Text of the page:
In May alone, Mr. Biden delivered the commencement address at Morehouse; he went to Detroit to speak at the nation’s largest N.A.A.C.P. dinner; he spoke at the National Museum of African American History and Culture celebrating the 70th anniversary of Brown v. Board of Education; and he made appearances on Black radio shows, such as V-103’s “The Big Tigger Show” in Atlanta and 101.7’s “The Truth with Sherwin Hughes” in Milwaukee.

Throughout these appearances, as well as in new ads, he has sharpened the contrast with his predecessor.

“Trump is trying to make the country forget just how dark and unsettling things were when he was president,” Mr. Biden said on Wednesday. At one point, the president crossed himself after repeating in disbelief Mr. Trump’s claim that he has been the best president for Black Americans since Abraham Lincoln.

In one of Mr. Biden’s new ads, the narrator says, “Donald Trump disrespecting Black folk is nothing new,” accusing Mr. Trump of standing with “violent white supremacists.” The ad, however, has been aired only minimally. The Biden campaign had paid for $32,127 in airings, as of late Wednesday, in a single market in Georgia, according to data from the ad-tracking firm AdImpact.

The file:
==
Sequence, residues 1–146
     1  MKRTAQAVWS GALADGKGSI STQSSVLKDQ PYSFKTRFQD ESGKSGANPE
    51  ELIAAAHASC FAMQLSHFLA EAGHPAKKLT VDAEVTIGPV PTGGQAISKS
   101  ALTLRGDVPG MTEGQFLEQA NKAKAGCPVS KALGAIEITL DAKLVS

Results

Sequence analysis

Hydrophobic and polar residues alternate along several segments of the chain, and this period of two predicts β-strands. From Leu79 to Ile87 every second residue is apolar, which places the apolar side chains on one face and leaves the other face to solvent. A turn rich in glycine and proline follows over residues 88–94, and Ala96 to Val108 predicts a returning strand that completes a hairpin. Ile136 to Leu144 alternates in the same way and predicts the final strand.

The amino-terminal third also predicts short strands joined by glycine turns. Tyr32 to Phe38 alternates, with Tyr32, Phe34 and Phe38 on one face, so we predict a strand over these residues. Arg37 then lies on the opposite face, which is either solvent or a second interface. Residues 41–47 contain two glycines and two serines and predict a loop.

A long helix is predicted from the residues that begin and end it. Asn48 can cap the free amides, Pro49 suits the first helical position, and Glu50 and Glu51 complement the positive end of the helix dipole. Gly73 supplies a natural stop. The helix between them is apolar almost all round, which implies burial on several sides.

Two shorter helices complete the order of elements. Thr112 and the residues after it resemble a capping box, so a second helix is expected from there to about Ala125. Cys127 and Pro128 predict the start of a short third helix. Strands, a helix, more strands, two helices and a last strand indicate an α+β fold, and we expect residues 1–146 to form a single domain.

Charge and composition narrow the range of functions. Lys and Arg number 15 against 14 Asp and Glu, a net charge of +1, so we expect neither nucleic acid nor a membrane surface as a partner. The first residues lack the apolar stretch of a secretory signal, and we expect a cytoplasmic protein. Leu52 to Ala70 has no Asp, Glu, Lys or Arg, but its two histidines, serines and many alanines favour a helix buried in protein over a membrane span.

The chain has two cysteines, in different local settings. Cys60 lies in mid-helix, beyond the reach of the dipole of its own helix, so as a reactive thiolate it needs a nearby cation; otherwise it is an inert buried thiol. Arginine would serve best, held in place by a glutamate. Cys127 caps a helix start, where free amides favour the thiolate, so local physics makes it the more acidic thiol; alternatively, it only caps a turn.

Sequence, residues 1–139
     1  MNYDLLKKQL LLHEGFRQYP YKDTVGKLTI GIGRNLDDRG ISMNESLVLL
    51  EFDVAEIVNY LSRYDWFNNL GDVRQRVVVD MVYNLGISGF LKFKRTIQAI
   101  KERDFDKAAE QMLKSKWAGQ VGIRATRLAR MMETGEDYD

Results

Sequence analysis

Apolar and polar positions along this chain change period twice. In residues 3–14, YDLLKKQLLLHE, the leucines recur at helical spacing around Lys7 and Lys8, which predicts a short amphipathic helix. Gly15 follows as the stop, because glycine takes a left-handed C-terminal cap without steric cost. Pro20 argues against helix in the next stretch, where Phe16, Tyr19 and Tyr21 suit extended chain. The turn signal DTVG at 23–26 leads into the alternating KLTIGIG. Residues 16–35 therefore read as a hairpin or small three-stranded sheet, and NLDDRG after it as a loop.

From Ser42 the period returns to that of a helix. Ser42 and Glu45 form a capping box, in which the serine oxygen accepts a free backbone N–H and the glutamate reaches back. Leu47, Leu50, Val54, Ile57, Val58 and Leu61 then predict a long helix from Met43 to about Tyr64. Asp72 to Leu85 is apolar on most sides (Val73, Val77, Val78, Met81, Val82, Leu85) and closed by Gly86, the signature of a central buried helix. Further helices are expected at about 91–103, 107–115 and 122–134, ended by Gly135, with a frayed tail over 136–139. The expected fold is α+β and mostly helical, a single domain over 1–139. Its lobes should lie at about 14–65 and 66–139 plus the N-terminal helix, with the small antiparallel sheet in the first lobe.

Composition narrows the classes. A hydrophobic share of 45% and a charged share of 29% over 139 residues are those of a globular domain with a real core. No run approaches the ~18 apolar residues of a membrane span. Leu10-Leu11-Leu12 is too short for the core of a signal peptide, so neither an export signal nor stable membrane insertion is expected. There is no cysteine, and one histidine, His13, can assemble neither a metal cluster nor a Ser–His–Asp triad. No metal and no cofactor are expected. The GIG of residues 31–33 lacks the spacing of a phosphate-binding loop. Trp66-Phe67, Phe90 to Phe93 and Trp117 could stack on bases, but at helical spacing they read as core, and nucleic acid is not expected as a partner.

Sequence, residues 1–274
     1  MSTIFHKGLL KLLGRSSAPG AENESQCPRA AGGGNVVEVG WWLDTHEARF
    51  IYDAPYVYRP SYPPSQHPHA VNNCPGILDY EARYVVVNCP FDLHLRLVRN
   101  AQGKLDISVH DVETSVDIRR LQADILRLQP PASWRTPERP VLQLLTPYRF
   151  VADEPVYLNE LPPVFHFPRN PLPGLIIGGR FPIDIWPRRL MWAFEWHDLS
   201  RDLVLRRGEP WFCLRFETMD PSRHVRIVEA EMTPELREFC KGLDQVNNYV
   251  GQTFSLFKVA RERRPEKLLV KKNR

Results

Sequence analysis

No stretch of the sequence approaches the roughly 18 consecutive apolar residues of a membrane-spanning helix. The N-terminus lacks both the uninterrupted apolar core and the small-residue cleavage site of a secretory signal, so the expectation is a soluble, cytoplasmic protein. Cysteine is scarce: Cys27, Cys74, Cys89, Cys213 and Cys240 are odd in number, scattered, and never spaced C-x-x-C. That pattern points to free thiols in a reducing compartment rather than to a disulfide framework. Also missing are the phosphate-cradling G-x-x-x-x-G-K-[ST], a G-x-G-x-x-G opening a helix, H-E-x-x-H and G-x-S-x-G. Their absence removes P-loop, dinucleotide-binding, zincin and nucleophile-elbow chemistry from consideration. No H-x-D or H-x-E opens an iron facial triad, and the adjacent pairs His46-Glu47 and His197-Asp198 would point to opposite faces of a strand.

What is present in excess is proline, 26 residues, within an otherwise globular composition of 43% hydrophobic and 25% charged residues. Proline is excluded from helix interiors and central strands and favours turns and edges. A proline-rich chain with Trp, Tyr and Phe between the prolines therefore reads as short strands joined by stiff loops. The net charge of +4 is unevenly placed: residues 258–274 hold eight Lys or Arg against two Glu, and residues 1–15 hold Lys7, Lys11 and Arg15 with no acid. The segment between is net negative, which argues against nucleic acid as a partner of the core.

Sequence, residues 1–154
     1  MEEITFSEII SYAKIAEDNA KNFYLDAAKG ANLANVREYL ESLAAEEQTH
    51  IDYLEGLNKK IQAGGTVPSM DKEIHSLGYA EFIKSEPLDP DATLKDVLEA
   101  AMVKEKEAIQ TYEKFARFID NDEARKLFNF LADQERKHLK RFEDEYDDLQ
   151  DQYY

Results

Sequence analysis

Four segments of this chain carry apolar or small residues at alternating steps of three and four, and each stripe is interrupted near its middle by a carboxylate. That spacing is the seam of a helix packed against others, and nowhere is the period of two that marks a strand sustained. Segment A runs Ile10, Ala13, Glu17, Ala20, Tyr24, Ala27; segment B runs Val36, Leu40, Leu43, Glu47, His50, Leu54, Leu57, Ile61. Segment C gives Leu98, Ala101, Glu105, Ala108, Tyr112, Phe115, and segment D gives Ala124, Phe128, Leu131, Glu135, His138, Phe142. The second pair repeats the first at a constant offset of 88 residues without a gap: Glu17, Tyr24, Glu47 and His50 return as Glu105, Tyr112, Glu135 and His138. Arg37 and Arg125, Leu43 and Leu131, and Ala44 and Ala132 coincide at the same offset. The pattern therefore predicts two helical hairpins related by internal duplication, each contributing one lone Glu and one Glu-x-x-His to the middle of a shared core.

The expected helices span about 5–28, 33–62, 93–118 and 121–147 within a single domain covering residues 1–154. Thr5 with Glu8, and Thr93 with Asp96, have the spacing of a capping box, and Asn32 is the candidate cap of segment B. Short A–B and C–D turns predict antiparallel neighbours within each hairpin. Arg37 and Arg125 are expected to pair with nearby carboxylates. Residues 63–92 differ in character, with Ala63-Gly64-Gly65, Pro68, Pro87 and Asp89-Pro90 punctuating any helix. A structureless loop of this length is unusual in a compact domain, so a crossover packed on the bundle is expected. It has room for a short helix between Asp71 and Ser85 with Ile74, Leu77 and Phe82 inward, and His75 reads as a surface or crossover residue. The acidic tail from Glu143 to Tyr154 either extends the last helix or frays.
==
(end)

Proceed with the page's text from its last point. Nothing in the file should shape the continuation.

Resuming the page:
Mr. Trump, of course, had some data points of his own as he marketed his presidency as having “the greatest economy in history,” a bygone utopia of low inflation and cheap gasoline.

“Everybody was better off under a man named President Donald J. Trump,” he said last week. “Have you ever heard of him?”

He claimed that he “had a record low poverty rate for Black Americans.” In fact, the rate’s low point occurred in 2022 under Mr. Biden, according to U.S. census data.

Cornell Belcher, a veteran pollster who worked for both of Mr. Obama’s presidential campaigns, said Mr. Biden had “from a policy standpoint a fantastic story to tell” to Black America.

“In many ways, Biden has a better story to tell than Obama did going into 2012,” Mr. Belcher said. “The problem is they haven’t heard it, and they have no idea.”

Mr. Trump, he added, faces a very different political calculus. “He wins not by addition,” he said, “but by subtraction.”

Maya King contributed reporting.